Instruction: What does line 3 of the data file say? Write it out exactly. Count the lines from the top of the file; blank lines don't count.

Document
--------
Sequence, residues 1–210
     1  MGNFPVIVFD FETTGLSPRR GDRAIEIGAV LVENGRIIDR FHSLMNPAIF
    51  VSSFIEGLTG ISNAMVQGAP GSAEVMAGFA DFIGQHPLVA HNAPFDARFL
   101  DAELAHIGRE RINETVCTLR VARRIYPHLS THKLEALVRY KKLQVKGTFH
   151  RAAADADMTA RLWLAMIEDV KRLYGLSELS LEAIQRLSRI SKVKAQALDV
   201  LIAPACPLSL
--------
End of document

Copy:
    51  VSSFIEGLTG ISNAMVQGAP GSAEVMAGFA DFIGQHPLVA HNAPFDARFL